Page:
Gonzalez Case Raises Very OId Retail Security Issues

Written by Evan Schuman
August 23rd, 2009

Since the earliest days of law enforcement, police have wrestled with the appropriate way to deal with criminal gangs. At its simplest, what should be done with two burglars who break into a house? Who is the primary lawbreaker and who is merely the assistant? Legislatures and courts have often tried to sidestep the question, declaring that a murder charge, for example, will be applied to all participants of a home break-in if anyone gets killed.

As a tactical practical matter, police (and that includes FBI, Secret Service, assistant district attorneys, deputy attorneys general and anyone who else charged with apprehending and punishing wrongdoers) often uses that ambiguity as a tool to pressure confessions. In short, the one who talks first gets to point the finger at the others and cut himself/herself the sweeter cooperating witness deal, while the suspect who hesitated gets left being charged as the scheme’s mastermind.

Such a drama is now unfolding with the Albert Gonzalez case, the Miami man accused of breaking into TJX, Hannaford, Heartland, Barnes & Noble, Sports Authority and a laundry list of others. Is Gonzalez the masterhead of a cyber thief ring? Was he coordinating different teams in the U.S., each group assigned to attack different retail chains? Or was he merely the pawn of an Eastern European data theft syndicate? In Dickensian terms, was he more Fagin, the Artful Dodger or even Oliver Twist?

(Editor’s Note: There are two new stories published that update this one: J.C. Penney, Target Added To List Of Gonzalez Retail Victims. and Gonzalez’s Plea Agreement Details.)

The attorney for Gonzalez, in various media interviews (including two conversations with StorefrontBacktalk), has painted a Gonzalez colleague—Damon Patrick Toey, who plead guilty in December to working with Gonzalez on the TJX breach—as the true master cyberthief, with Gonzalez just going along for the ride.

“Mr. Toey has been cooperating since Day One. He was staying at (Gonzalez’s) apartment. This whole creation was Mr. Toey’s idea,” said Gonzalez attorney Rene Palomino. “It was his baby. This was not Albert Gonzalez. I know for a fact that he wasn’t involved in all of the chains that were hacked from New Jersey.”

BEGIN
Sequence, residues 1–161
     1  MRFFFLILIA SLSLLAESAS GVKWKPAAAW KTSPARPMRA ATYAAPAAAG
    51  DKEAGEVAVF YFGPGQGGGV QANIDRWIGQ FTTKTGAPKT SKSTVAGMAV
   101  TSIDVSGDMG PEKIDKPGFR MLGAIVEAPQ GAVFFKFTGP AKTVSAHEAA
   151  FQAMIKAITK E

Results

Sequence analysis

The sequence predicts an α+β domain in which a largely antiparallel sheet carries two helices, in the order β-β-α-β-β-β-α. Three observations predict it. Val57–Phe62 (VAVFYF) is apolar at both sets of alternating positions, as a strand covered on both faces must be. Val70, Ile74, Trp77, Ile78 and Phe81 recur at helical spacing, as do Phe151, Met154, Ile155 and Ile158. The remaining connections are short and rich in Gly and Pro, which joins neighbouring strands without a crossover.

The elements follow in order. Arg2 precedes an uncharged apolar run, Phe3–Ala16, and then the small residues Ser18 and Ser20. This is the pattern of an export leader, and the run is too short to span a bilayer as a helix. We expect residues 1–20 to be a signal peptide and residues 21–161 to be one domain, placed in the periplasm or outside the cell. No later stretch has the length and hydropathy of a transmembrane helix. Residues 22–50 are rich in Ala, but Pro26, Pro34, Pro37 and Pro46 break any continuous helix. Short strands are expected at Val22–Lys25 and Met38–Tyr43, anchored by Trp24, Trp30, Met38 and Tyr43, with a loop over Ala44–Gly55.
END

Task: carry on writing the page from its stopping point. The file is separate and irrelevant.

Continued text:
From a legal standpoint, though, it’s unclear how any of this would help his client, except perhaps at sentencing (and it’s questionable, even then). If Gonzalez was actively involved in the overall criminal enterprise—and did nothing to stop it—it’s hard for him to avoid blame for the consequences. Granted, this is in the midst of plea negotiations and Gonzalez is trying to cut his own best deal. Palomino confirmed that a deal for all of the federal retail charges involving his client—New York charges involving the Dave & Buster’s restaurant chain, a Boston case involving TJX, BJ’s Wholesale, Forever 21 and many others, plus new charges out of Newark, N.J., involving Heartland, Hannaford and 7-Eleven, among others—had been resolved and a guilty plea was imminent when, the lawyer charges, the U.S. Attorney for New Jersey pulled a switch. (If you can’t trust a New Jersey politician, what is this world coming to? The Artful Dodger, indeed.)


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Why Did Gonzales Hackers Like European Cards So Much Better?

I am still unclear about the core point here-- why higher value of European cards. Supply and demand, yes, makes sense. But the fact that the cards were chip and pin (EMV) should make them less valuable because that demonstrably reduces the ability to use them fraudulently. Did the author mean that the chip and pin cards could be used in a country where EMV is not implemented--the US--and this mis-match make it easier to us them since the issuing banks may not have as robust anti-fraud controls as non-EMV banks because they assumed EMV would do the fraud prevention for them Read more...
Two possible reasons that I can think of and have seen in the past - 1) Cards issued by European banks when used online cross border don't usually support AVS checks. So, when a European card is used with a billing address that's in the US, an ecom merchant wouldn't necessarily know that the shipping zip code doesn't match the billing code. 2) Also, in offline chip countries the card determines whether or not a transaction is approved, not the issuer. In my experience, European issuers haven't developed the same checks on authorization requests as US issuers. So, these cards might be more valuable because they are more likely to get approved. Read more...
A smart card slot in terminals doesn't mean there is a reader or that the reader is activated. Then, activated reader or not, the U.S. processors don't have apps certified or ready to load into those terminals to accept and process smart card transactions just yet. Don't get your card(t) before the terminal (horse). Read more...
The marketplace does speak. More fraud capacity translates to higher value for the stolen data. Because nearly 100% of all US transactions are authorized online in real time, we have less fraud regardless of whether the card is Magstripe only or chip and PIn. Hence, $10 prices for US cards vs $25 for the European counterparts. Read more...
@David True. The European cards have both an EMV chip AND a mag stripe. Europeans may generally use the chip for their transactions, but the insecure stripe remains vulnerable to skimming, whether it be from a false front on an ATM or a dishonest waiter with a handheld skimmer. If their stripe is skimmed, the track data can still be cloned and used fraudulently in the United States. If European banks only detect fraud from 9-5 GMT, that might explain why American criminals prefer them over American bank issued cards, who have fraud detection in place 24x7. Read more...

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